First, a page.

What is the true aim in life?

What should one, setting out to make his way through this world—take as the goal of all his living and striving?

‘Views of life’ differ widely. Many think they are in this world to make a career for themselves. They set out with some splendid vision of success in their mind—and they devote their life to the realizing of this vision. If they fail in this, they suppose they have failed in life. If they achieve their dream—they consider themselves, and are considered by others, as successful.

The world has no other standard of success:

• it may be the amassing of wealth;

• it may be the winning of power among men;

• it may be the triumph of a certain skill;

• or genius in art, in literature, in music, etc.

But whatever the definite object may be, it is purely an earthly ambition.

Applying this standard to life—but few men are really successful. Great men are as rare as lofty mountain peaks. Only a few win the high places; the mass remain in the low valleys. Only a few win honor, rise into fame, and achieve ‘distinction’; while the great multitude remain in obscurity—or go down in the dust of earthly defeat.

Is this the only standard of success in life? Do all men, except for the few who win earth’s prizes, really fail? Is there no other kind of success? The world’s answer gives no comfort to those who find themselves among the unhonored. . . .

The true test of life—is character. Everything else is extraneous, belonging only to the husk, which shall fall off in the day of ripening! Character is the kernel, the wheat—that which is true and enduring. Nothing else is worth while—except that which we can carry with us through death, and into eternity! “So we fix our eyes not on what is seen, but on what is unseen. For what is seen is temporary, but what is unseen is eternal.” 2 Corinthians 4:18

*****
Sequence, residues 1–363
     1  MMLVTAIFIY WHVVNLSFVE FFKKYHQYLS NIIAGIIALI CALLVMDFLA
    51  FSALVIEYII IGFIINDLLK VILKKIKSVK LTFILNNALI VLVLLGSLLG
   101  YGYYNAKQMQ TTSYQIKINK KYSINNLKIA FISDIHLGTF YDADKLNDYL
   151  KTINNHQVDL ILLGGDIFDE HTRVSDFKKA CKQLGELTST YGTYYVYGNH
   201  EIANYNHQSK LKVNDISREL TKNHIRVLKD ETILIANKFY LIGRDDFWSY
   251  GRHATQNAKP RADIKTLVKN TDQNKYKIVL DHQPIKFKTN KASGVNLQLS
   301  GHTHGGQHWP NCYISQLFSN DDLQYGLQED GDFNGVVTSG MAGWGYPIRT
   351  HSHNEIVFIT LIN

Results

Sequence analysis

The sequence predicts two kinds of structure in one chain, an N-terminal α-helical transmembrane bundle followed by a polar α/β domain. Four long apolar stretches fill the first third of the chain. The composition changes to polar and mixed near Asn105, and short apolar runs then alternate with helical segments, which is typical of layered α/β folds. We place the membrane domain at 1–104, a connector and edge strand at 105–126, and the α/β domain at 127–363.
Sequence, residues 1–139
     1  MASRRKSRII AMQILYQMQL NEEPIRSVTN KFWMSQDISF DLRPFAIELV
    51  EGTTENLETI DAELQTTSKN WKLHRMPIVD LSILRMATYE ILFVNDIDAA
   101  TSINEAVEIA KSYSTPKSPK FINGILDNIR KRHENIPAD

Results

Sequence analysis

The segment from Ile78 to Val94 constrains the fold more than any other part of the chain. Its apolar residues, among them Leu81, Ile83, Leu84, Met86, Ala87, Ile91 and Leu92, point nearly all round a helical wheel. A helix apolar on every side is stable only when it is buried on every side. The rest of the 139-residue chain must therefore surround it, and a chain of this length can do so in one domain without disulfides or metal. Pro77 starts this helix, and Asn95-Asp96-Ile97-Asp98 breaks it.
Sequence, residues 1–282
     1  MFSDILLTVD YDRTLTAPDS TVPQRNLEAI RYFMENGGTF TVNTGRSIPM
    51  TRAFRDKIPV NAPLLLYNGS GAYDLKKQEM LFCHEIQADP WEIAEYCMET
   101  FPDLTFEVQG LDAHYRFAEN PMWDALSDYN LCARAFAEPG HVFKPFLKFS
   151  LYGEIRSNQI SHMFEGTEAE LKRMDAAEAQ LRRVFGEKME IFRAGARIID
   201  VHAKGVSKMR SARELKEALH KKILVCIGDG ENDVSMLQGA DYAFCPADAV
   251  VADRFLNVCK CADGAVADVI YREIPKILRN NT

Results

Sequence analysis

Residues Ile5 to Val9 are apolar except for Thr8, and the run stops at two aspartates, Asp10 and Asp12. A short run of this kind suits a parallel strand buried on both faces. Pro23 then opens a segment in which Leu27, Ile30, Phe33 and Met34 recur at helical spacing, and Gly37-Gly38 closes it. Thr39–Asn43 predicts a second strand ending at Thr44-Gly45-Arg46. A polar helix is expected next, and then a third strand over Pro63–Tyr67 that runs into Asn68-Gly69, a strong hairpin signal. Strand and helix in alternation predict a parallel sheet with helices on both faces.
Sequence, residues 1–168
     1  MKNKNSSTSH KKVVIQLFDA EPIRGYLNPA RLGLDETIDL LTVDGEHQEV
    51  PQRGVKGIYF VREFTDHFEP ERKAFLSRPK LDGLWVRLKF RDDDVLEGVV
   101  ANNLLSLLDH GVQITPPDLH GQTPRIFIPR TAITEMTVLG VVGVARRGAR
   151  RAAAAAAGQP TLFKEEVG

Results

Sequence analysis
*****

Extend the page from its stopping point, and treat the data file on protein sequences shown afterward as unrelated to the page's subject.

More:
It is altogether possible that a man may fail of winning any earthly greatness, any distinction among men, anything that will immortalize him in this world’s calendars—and yet be richly and nobly successful in spiritual things, in character, in a ministry of usefulness, in things which shall abide—when mountains have crumbled into dust! It is possible for one to fall behind in the race for wealth and honor—and yet all the while to be building up in himself—an eternal fabric of beauty and strength!

What is the standard of success in the sphere of the unseen and the eternal? It is the doing of the will of God. He who does the will of God—makes his life radiant and beautiful, though in the world’s scale he is rated as having altogether failed in the battle. He who is true, just, humble, pure, pleasing God and living unselfishly—is the only man who really succeeds—while all others fail.

Really, there is no other final and infallible standard of living. One who writes his name highest in earth’s lists, and yet has not done God’s will—has failed, as God Himself looks at his career.

God had a purpose in our creation—and we only succeed, when our life carries out this purpose. The most radiant career, as it appears to men, means nothing—if it is not that for which God made us. We fail in life—if we do not realize God’s will for us.

We live worthily—only when we do what God sent us here to do. A splendid career in the sight of men—has no splendor in God’s sight!

Not the making of a fine worldly career, therefore—but the simple doing of God’s will—is the one true aim in living. Only thus can we achieve real success. If we do this, though we fail in the earthly race—we shall not fail in God’s sight. We may make no name among men, may raise for ourselves no monument of earthly glory—but if we please God by a life of obedience and humble service, and build up within us a character in which divine virtues shine, we shall have attained abiding success!